The Perfect Sweet Sauce in a Few Simple Steps
Making homemade caramel is much easier than you'd imagine; you just need 3 basic ingredients and a little bit of patience. Caramel sauce is a classic crowd pleaser that your family can enjoy on everything from apples to ice cream, and you can use it in a world of other treats, from cookies to crepes. Many caramel recipes call for butter, but this one works fine with just water, making it lighter and somewhat healthier. All of the time in this recipe is hands-on time, stirring, gauging progress and tinkering with the heat. But don't let this fool or intimidate you: it's worth every minute and it really doesn't take very long. You can even get the kids involved, once you get them up to speed on a couple of stove safety basics. They'll love seeing the alchemy as basic ingredients are transformed into a magical sweet sauce.
Total time: 20 minutes | Prep time: 20 minutes | Servings: 6
- 1/2 cup water
- 1 cup plus 1 tablespoon sugar
- 1 cup heavy cream
- In a medium size thick-bottomed saucepan, heat the water and sugar and bring the mixture to a boil, stirring almost constantly with a fork or whisk. You can use a thinner saucepan if you don't have a heavy one, but you'll have to pay even closer attention because you won't be able to regulate the heat as well and it will be easier to scorch your caramel.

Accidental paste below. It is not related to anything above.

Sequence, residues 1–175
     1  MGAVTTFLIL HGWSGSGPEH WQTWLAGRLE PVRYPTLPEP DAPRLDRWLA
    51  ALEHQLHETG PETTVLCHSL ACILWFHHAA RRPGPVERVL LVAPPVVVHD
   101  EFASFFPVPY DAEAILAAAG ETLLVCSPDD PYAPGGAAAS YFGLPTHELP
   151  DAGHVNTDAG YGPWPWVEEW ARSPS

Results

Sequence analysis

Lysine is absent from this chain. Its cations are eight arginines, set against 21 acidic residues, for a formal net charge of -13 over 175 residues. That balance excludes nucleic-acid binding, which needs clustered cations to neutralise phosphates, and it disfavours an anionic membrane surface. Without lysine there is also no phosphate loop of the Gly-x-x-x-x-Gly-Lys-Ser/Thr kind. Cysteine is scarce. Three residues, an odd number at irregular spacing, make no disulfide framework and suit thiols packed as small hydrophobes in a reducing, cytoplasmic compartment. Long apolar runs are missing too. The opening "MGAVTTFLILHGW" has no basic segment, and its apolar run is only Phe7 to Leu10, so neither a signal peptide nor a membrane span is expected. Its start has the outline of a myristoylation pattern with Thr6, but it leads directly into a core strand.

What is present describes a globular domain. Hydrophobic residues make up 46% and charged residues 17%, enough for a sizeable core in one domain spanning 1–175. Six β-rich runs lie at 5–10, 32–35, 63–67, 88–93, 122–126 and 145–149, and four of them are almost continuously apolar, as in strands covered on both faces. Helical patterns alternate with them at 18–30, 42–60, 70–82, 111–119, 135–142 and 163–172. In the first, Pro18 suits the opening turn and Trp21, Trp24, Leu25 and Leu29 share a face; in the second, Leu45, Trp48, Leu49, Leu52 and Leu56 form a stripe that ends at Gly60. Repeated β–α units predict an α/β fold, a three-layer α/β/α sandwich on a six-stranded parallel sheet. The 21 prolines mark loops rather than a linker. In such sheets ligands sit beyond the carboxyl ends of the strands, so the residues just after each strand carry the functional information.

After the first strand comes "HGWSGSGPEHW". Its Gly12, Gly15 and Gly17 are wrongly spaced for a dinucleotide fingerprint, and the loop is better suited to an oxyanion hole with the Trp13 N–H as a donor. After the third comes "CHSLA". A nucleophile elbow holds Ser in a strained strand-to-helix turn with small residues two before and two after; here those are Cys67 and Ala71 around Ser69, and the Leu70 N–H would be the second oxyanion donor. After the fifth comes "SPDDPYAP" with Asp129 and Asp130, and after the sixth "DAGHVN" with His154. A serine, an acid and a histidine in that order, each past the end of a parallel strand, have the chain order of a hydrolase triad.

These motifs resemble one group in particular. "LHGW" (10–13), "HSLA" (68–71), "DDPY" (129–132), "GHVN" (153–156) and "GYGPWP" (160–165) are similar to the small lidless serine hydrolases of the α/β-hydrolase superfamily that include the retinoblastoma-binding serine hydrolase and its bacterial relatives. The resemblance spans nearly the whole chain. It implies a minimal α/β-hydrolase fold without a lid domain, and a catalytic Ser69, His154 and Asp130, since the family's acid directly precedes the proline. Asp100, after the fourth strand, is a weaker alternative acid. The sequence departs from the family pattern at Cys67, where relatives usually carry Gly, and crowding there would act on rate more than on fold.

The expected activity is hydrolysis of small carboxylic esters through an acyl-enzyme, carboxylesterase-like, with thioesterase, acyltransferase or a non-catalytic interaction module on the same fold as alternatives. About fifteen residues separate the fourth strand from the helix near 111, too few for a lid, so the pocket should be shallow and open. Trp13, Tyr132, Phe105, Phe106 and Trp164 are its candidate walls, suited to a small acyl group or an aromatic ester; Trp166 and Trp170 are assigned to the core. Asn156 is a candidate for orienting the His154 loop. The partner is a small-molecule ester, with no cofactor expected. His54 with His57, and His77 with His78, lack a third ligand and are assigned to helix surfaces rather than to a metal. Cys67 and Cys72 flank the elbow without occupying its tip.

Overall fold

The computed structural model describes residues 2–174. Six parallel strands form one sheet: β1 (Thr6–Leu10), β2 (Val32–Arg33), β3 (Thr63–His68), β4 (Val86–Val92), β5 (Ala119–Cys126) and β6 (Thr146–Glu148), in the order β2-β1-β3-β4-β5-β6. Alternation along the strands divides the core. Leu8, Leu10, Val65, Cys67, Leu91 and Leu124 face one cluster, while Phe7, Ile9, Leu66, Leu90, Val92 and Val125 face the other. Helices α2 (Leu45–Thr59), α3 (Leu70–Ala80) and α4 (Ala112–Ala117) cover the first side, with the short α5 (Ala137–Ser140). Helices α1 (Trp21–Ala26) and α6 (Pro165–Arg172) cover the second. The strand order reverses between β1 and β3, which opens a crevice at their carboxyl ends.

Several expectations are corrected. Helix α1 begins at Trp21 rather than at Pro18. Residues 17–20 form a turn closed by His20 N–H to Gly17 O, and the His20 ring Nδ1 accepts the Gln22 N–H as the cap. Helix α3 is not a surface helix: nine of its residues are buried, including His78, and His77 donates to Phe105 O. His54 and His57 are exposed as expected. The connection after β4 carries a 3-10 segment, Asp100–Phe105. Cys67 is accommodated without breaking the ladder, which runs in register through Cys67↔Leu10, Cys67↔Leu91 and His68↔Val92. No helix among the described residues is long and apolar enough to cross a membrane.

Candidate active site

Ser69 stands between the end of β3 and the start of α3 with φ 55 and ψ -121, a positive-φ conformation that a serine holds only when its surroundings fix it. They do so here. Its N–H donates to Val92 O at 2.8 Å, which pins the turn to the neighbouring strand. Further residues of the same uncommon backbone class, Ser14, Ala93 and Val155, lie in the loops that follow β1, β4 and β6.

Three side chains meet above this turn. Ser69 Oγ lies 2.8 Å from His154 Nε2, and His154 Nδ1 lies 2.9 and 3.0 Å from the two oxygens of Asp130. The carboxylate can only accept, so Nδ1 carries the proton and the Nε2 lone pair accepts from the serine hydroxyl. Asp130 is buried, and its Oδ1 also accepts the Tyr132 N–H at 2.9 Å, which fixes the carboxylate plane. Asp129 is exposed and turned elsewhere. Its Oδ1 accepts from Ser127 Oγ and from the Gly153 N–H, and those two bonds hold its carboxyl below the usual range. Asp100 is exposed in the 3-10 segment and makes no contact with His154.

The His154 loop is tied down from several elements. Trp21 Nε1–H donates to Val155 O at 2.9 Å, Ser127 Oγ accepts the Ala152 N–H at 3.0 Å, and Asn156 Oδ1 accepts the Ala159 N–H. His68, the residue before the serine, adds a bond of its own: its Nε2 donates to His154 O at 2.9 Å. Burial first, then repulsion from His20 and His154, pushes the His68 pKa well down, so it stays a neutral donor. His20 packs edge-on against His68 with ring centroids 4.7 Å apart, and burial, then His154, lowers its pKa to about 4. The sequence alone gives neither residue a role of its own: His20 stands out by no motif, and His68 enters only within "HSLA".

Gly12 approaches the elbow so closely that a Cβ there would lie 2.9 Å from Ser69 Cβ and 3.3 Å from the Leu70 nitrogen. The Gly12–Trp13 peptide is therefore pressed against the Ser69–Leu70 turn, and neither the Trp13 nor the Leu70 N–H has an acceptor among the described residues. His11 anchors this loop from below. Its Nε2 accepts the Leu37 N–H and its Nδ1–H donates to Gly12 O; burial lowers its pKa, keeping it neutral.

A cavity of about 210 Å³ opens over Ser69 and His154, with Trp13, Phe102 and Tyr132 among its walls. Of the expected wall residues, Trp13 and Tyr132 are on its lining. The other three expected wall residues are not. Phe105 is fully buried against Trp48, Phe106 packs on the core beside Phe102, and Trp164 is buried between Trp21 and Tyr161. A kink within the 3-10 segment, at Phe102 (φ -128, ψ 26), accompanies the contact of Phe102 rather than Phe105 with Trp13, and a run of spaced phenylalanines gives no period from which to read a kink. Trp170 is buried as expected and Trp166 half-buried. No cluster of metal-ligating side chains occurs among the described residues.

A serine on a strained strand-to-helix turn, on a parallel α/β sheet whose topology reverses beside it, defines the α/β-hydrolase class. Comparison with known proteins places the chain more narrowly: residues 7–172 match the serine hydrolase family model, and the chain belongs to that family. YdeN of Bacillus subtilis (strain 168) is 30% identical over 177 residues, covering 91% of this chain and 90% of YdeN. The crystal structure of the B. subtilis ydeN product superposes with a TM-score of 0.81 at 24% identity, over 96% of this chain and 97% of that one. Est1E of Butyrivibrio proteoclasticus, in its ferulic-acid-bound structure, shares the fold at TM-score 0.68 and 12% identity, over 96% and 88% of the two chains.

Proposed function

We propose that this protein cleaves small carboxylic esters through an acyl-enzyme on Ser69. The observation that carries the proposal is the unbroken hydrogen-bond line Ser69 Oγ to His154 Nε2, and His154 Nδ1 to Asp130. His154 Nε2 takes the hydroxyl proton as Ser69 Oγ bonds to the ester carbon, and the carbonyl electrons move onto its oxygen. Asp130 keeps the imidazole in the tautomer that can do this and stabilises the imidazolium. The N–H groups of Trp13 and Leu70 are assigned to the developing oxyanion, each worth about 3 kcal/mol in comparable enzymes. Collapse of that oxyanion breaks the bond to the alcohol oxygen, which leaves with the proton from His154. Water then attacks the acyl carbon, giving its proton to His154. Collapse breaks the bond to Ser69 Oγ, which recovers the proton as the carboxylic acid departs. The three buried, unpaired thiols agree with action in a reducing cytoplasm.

- Lower the heat and continue to cook the sauce, stirring almost constantly until it becomes a rich honey color, about 5 or 6 minutes.
- Add the cream and reduce the heat so the mixture is barely simmering. Continue stirring almost constantly, especially taking care that the sauce doesn't stick to the bottom of the pan. Cook until the mixture starts to thicken, an additional 3 or 4 minutes, and then remove the pan from the heat. Serve warm, or chill and serve later.
If you cook your caramel longer before adding the cream, it will darken and take on a richer, deeper flavor. Try experimenting to see what your family likes best.
You can flavor your caramel with salt, vanilla or both. Half a teaspoon of salt will be just right with this recipe; add it at the very beginning, along with the water and sugar. Use a teaspoon of vanilla extract, if desired, and add it at the end of the process after removing the sauce from the heat.
Devra Gartenstein is a self-taught professional cook who has authored two cookbooks: "The Accidental Vegan", and "Local Bounty: Seasonal Vegan Recipes". She founded Patty Pan Cooperative, Seattle's oldest farmers market concession, and teaches regular cooking classes.